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Historic steamboat automaton beaurtifully crafted around 1905 to be auctioned
The Klondike, 7 inches tall by 21 inches long, was masterfully constructed with intricate detail throughout. It has a pre-sale estimate of $25,000-$35,000.


CRANSTON, RI.- An American folk art automaton of a steamboat side wheeler, crafted by prospector William “Billy” Briggs of Bristol, Rhode Island upon his return from the Klondike Gold Rush in Canada and completed around 1905, will be offered at public auction by Bruneau & Co. Auctioneers on Saturday, June 3rd, in Bruneau’s gallery at 63 Fourth Avenue in Cranston.

The vessel, dubbed the Klondike, is 7 inches tall by 21 inches long and has a pre-sale estimate of $25,000-$35,000. It was masterfully constructed with intricate detail and is fully manned with 17 miniature carved figures throughout the two decks. The figures are seen waving and tipping their hats along a green painted metal railing, with one African American figure, the rest Caucasian.

The Klondike is the expected headliner in Session 2 of a two-session auction, slated to start at 12 o’clock noon and featuring more than 400 premium lots. Internet bidding will be facilitated by Bidlive.Bruneauandco.com, Invaluable.com, LiveAuctioneers.com and Bidsquare.com. Phone and absentee bids will also be accepted. Session 1, a DiscoverIt sale, will start at 10:30 am and feature 150 lots of antiques and collectibles live in the gallery – no online or absentee bidding.

“It’s always been our goal to bring antiques, fine art and unusual objects to auction,” said Kevin Bruneau, president and auctioneer of Bruneau & Co. Auctioneers. “This superb automaton is the epitome of unusual, from its historical significance relating to the Klondike Gold Rush to its provenance dating back to William ‘Billy’ Briggs, who hailed from our state of Rhode Island.”

Mr. Bruneau added, “The Klondike is one of the rarest pieces of American history and folk art I have ever had the privilege of handling,” Travis Landry, a specialist and auctioneer with Bruneau & Co., echoed that sentiment. “This fine automaton is truly a historic piece of American folk art, exemplifying the Gold Rush, westward expansion and Alaskan history. It belongs in a museum.”

The attention to detail is remarkable. Four lifeboats are strung around the top deck, two each on the port and starboard sides. The bridge is topped with a gilt carved full body eagle weathervane. The boat is decorated with an American flag on the stern, titled “Klondike”, with a flag on the bow and a blue and gold painted paddle box with ‘KLONDIKE’ underlined with wavelike lines.

Mechanical features that make it an automaton include the rotation of the starboard paddlewheel and vertical movement of the steam exhaust and supply pistons activated by the movement of a drawer. The boat sits on a naturalistically modeled base of a flowing river with glistening crests. The glass sides of the case are reverse painted, depicting the turbulent waves of the Yukon River.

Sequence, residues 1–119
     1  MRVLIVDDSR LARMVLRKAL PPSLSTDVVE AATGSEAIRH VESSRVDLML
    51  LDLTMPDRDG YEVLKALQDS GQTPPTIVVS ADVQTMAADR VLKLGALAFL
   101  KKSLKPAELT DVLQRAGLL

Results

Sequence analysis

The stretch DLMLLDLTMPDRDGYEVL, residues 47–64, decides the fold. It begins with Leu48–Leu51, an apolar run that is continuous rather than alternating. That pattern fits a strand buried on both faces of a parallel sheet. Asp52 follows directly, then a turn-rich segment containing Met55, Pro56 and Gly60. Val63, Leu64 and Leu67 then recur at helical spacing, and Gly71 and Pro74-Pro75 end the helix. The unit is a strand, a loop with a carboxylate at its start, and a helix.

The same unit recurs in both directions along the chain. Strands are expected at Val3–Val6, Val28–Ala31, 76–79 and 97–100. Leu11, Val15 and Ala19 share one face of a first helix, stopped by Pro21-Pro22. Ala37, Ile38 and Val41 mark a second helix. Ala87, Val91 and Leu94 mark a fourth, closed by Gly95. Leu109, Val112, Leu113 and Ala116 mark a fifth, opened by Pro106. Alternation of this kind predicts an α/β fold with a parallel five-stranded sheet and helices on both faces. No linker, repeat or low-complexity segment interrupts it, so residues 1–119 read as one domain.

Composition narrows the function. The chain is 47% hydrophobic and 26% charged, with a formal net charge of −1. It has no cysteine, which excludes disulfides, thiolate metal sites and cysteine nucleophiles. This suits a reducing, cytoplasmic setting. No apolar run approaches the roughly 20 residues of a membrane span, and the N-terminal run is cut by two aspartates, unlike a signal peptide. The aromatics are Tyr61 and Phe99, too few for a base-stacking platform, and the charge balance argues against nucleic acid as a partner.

The automaton is housed in a custom Victorian Aesthetic ebonized display case with gilt incised tendrils and linear geometric patterns. The case exhibits two front drawers and two side drawers with inset bronze hardware with hinged ring pulls. It measures 48 inches tall by 37 inches wide by 18 inches deep. It’s topped with a hinged butterfly door bonnet with compartmented interior.

The backdrop of the diorama is a watercolor and glitter on paperboard painted representation of the Klondike mountain range with a rising sun in the top right corner. The vessel is accompanied by an assemblage of relative paperwork documenting the history of the piece with photographs.

From William Briggs, the automaton was sold around 1910 to James F. Stoughton, who cared for and appreciated the boat for decades before selling it to the consignor, a collector in Bristol, R.I. The story of the Klondike Gold Rush is as fascinating as the Klondike automaton being offered.

In August 1896, American prospector George Carmack, along with Yukon natives, discovered gold along Rabbit Creek, near Dawson, in the Yukon region of Canada. Thus the Klondike Gold Rush was born, involving a treacherous journey into the Yukon territory of Northwestern Canada from 1896-1899. Of the 100,000 prospectors who made the voyage, only 30,000 completed it.

The Klondike gave prospectors two options: the Chilkoot or White Pass trails. Both led to Alaska but were riddled with malnutrition, illness and often death. The Klondike offered a false hope, with very few prospectors finding success. By the time the masses had arrived, most creeks were claimed and little gold was left for the taking. In September 1898, gold was discovered farther north in Nome, Alaska ending the Klondike and sparking the Nome Gold Rush, from 1898-1909.

Over the three-year period of the Klondike Gold Rush, hundreds of steamboats traversed the Yukon River, funneling money, people, and supplies. Steamers arrived via the Gulf of Alaska, Bearing Sea, or were brought in pieces by land through the White Pass and assembled at White Horse, Yukon. The steamboat played a vital role in propelling the Gold Rush and the settlement of Alaska. It has become a symbol of the legendary Alaskan Gold Rush that we read about today.

Previews will be held on Thursday, June 1st, from 9-5; Friday, June 2nd, from noon to 9 pm; and on Saturday, June 3rd, the date of the auction, from 9 am until the start of sale at 12 o’clock noon.





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